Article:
Step 2: Assessing your employability

What does it take to be a lawyer? What are recruiters looking for, and have you got the experience and skills they want?

Step 2 Resource book

Our resource book provides a comprehensive guide to those qualities legal recruiters are seeking in candidates. Legal experience, academic qualifications and transferable skills are all important and you need to consider how you ‘match up’ to the requirements of your chosen profession in the sector of the market in which you wish to pursue a career.

Step 2 Weblinks

Below is a list of key websites which will provide you with useful information to help you assess your employability

  • The Bar Council:
    Website of the Bar Council, the representative body of the Bar.
  • The Law Society:
    The representative body for the solicitors’ profession. This site contains links to various membership group, information about practice areas and legal developments. This site also houses the Find a Solicitor database
    The National Recognition Information Centre for the United Kingdom provides the only official source of comparison information on international education and qualifications.
  • Ucas:
    The central application website for entry to higher education: includes information for prospective students and advice on qualifications

Step 2 Workshop

The law is a competitive profession to enter, our online workshop will introduce you to the skills and qualities required in law and sought by legal recruiters.

You can also read the transcript here.

Step 2 Activities

Our skills form allows you to find the evidence from your own experience which shows you have what it takes to be a lawyer. It also allows you to assess how strong your abilities are, and identify actions you may need to take to enhance these before making applications.

Download our skills form here

Step 2 FAQs

Assessing your employability

Are mature students disadvantaged?

Is it difficult to get a training contract with a 2.2?

How much does your first year versus your second year of your degree count when applying for training contracts?

What do employers look for?


Q. Are mature students disadvantaged?

A. We have many mature students at the University and, depending on what you have done before the change to law, you can even be better placed than younger counterparts when it comes to the training contract or pupillage market. For example, if you have worked in a relevant related sector - for instance in insurance and you are now seeking to go into insurance litigation, or in medicine and interested in clinical negligence, you will clearly have relevant experience, and possibly contacts, that are likely to be of interest for recruiters with specialisms in your area of expertise.

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Q. Is it difficult to get a training contract with a 2.2?

A. It is hard to generalise, as some candidates with a 2.2 may have genuine mitigating circumstances, which a firm may take into account, or be an outstanding candidate in all other respects (eg have an impeccable previous academic record, postgraduate qualifications, and/or have spent years in a highly relevant industry sector of interest to a firm).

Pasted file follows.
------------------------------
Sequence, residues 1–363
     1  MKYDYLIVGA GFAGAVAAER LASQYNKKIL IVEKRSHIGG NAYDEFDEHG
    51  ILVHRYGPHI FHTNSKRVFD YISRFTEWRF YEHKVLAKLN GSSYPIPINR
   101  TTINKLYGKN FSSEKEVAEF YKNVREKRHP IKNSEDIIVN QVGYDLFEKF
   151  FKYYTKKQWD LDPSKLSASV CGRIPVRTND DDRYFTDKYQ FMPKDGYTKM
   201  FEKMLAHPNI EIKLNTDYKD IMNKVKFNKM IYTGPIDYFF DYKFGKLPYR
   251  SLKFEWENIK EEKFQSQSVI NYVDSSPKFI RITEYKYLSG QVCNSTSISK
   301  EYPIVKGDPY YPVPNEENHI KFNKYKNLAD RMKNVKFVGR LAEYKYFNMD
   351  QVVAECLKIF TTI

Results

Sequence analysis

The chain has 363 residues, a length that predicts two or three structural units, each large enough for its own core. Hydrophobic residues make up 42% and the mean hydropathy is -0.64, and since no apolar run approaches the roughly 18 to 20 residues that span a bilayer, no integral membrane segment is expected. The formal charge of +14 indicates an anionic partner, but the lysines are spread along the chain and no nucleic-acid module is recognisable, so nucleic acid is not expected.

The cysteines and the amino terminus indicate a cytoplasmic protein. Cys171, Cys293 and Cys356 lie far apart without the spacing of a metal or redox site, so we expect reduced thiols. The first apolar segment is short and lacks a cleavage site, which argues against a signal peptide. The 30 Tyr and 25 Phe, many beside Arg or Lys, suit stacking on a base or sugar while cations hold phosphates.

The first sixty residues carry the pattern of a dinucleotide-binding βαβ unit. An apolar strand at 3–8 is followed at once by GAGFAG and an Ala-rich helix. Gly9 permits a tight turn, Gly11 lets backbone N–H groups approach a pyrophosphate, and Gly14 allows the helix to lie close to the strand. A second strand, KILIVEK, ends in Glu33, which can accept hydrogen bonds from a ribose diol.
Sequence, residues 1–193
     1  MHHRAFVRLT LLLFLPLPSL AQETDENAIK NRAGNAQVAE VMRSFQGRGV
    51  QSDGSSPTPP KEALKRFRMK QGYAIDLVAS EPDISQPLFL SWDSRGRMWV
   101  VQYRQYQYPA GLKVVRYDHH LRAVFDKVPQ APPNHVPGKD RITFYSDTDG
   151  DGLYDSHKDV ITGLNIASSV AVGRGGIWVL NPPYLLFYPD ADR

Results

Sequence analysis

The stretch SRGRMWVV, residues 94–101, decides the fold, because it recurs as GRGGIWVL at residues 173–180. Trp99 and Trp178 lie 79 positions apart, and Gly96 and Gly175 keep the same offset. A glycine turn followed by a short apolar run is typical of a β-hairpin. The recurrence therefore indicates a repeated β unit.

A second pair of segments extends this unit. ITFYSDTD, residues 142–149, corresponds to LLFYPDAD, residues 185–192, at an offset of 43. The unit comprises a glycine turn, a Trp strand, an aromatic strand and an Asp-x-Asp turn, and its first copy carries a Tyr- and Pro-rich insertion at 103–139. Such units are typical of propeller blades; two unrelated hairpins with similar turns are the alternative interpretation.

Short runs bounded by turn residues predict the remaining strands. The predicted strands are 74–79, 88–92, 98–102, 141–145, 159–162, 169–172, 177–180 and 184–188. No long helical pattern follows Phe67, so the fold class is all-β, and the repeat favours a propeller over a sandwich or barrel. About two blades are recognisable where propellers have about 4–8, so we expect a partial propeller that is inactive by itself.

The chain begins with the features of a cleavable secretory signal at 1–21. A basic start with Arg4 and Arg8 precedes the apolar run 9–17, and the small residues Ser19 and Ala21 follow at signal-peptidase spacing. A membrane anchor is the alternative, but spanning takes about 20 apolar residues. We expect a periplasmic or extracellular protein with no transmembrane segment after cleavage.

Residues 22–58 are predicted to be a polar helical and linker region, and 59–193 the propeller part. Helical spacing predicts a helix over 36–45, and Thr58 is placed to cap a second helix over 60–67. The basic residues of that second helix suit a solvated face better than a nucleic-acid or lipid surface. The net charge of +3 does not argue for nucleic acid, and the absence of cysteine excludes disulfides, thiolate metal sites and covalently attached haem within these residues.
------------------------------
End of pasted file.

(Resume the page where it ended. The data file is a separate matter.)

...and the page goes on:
That said, having a 2.2 usually impacts in the following ways: firstly it can restrict the type of firms you apply to (many big City firms require a 2.1 and As and Bs at A level), so you will need to target your firms carefully. Secondly, you would be well advised to work on ‘beefing up’ the other areas of your CV such as relevant work experience and thirdly, you may need to be more flexible and dogged in order to achieve your goal. 

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Q. How much does your first year versus your second year of your degree count when applying for training contracts?

A. It will depend on the type of firm you are applying to. If you are targeting large City firms, they will look closely at your 1st, 2nd and 3rd year results, as they want to see consistently strong academics, but by no means all firms will be looking in such detail.

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Q. What do employers look for?

A. In general terms (and each employer may vary) academics are often first in many employers’ minds. They will also be looking closely for commercial awareness and transferable skills (communication, team-working, problem solving and so on). They also want to see some evidence of a commitment to a career in law, usually provided through recent relevant work experience. Finally, a number of employers who have given talks at the University recently, have also stressed their interest in seeing “something different” about a candidate that sets them apart from the rest.

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Step 2 In brief

Download our ‘in brief’ guide for a summary of the key points you need to consider when assessing your legal employability.

Practice areas

Information on different areas of the law: what it covers, what it's like in practice, current issues, and further information.

Case studies

University staff pass on their experience of what it's like to work as a lawyer in practice.